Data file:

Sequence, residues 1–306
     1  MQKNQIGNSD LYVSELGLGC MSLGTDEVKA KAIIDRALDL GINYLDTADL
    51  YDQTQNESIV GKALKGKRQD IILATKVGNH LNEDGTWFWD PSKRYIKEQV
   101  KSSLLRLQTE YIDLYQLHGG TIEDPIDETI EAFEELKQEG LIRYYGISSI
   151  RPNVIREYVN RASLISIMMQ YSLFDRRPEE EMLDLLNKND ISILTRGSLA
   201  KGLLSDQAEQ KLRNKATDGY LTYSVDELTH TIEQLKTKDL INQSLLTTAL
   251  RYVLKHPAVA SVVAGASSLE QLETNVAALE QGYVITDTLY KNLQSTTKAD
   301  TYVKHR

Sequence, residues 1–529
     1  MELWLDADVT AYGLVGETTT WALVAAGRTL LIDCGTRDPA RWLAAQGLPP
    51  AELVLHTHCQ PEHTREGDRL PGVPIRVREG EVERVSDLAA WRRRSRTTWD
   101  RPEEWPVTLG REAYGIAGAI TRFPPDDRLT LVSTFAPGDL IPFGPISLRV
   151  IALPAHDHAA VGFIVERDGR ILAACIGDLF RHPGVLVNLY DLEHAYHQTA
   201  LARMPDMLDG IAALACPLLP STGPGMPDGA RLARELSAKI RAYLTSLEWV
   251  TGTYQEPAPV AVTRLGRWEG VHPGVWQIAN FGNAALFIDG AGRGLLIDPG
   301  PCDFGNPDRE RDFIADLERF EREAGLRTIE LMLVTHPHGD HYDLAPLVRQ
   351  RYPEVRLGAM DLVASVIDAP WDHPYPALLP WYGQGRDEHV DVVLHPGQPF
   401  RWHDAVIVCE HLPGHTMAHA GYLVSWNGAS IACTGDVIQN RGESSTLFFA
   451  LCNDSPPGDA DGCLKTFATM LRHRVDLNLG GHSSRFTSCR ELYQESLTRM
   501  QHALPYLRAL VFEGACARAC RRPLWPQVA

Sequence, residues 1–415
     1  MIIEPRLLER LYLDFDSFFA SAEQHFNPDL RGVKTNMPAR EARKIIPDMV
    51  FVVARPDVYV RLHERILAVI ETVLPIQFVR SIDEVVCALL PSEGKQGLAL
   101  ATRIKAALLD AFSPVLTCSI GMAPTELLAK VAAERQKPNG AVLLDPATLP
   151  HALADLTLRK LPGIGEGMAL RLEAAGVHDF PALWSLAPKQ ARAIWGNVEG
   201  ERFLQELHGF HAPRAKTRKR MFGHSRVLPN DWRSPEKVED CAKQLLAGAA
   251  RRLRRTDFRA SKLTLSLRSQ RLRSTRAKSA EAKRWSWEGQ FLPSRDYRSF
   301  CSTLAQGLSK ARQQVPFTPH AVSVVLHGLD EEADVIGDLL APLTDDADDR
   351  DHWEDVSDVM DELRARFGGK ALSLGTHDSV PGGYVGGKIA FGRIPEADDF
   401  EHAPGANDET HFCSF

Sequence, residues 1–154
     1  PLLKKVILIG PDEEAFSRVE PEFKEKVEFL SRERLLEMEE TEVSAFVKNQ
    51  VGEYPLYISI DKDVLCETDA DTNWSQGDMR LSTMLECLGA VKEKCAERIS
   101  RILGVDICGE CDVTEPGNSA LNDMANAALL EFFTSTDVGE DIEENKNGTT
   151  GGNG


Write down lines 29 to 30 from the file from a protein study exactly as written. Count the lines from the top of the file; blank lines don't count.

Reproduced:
   351  DHWEDVSDVM DELRARFGGK ALSLGTHDSV PGGYVGGKIA FGRIPEADDF
   401  EHAPGANDET HFCSF